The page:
Maths teacher who joined Dail in 1989 committed to equality issues


The Tipperary South TD, Ms Theresa Ahearn, who died yesterday, will be remembered as a politician committed to equality issues and women's rights.

She was the first woman organiser in the Fine Gael party and recalled a few years ago the amazement on the faces of those in her local cumann in Grange, near Clonmel, when she attended her first party meeting in the local hall in 1979.

Her mother, who was determined her daughters would have a career and be independent, was a major influence on her life. Born near Golden, Co Tipperary in May 1951, she was the youngest of three boys and three girls. Her parents, John and Catherine Scott, were committed to Fine Gael and had both been Blueshirts.

Ms Ahearn was educated at Presentation Convent, Cashel; University College Dublin, where the former Taoiseach and Fine Gael leader Dr Garret FitzGerald had been one of her tutors, and from which she graduated with a BA in History, Economics and Maths; and St Patrick's College Maynooth, where she received a Higher Diploma in Education.

She taught maths at the Central Technical Institute in Clonmel until she was elected to the Dail in 1989.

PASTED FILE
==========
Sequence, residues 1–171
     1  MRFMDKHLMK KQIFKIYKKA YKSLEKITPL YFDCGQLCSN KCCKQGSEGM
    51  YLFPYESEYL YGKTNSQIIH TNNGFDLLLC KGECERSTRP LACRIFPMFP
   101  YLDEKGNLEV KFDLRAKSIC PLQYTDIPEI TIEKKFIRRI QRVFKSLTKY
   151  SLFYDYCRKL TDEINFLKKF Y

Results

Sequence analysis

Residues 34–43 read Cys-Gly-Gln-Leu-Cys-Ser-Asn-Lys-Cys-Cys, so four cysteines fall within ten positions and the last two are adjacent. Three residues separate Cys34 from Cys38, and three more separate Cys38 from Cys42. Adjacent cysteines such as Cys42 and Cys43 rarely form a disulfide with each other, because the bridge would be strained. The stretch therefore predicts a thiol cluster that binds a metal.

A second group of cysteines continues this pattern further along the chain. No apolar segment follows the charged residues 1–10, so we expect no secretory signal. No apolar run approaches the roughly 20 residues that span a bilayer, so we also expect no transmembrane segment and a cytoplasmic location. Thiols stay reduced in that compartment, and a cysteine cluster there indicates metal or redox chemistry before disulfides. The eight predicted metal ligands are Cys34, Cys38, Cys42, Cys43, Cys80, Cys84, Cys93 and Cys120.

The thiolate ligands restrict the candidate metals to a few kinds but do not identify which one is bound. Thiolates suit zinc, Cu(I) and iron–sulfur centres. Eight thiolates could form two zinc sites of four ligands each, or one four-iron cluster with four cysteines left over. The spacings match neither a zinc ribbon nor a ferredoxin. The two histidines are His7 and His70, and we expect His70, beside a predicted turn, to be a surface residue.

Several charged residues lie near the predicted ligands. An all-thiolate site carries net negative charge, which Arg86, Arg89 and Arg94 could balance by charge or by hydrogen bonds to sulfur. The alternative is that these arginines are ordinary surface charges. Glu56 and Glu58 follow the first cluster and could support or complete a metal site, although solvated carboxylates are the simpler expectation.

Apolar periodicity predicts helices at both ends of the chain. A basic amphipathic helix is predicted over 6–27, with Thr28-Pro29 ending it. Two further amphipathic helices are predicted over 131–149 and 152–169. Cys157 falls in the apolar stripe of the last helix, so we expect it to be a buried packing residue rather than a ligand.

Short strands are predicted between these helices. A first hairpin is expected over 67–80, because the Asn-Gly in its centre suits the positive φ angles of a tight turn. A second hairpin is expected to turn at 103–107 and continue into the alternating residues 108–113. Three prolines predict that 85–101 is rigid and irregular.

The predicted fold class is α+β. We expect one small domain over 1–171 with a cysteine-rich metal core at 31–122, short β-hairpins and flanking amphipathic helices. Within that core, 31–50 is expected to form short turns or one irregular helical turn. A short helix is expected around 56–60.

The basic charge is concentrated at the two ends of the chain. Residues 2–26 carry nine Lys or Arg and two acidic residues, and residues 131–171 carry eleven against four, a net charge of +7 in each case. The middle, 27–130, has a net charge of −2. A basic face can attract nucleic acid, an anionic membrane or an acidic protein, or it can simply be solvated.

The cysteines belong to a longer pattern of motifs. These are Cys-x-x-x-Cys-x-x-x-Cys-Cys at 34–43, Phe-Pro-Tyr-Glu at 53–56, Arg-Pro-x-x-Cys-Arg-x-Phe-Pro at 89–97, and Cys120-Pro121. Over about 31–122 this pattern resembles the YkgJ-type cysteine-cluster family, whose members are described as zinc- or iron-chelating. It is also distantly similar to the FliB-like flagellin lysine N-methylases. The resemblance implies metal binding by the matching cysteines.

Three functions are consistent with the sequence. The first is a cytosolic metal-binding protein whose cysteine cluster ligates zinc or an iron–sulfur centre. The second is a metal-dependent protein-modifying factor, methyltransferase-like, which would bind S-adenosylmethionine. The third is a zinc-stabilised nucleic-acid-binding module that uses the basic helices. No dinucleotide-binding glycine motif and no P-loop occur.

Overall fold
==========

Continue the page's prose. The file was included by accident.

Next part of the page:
She met her husband, Liam Ahearn, a farmer, at a Macra na Feirme debate in 1973 and they married three years later. They set up home at Grange, Clonmel, and had four sons.

Ms Ahearn was director of elections for the Fine Gael party in South Tipperary in 1981 and for the two elections of 1982. It was in 1983 that she first entered public life. She was co-opted onto South Tipperary County Council and was a member of the local authority for six years before being elected a Fine Gael TD on her first attempt in 1989.

She found life as a TD hard but interesting, and missed her family while in Dublin. She was committed to equality issues and chaired the Joint Oireachtas Committee on Women's Rights from 1993 to 1995.

Ms Ahearn was a regular contributor to Dail debates and in March criticised the Government for its lack of action in responding to a two-year-old report on tackling violence against women.

She had been Fine Gael spokesperson on equality and disabilities since 1997, frontbench spokesperson on Energy from 1992 to 1993 and on Labour in 1992 and spokeswoman on women's affairs between 1993 and 1995. She also served on a number of other Oireachtas committees.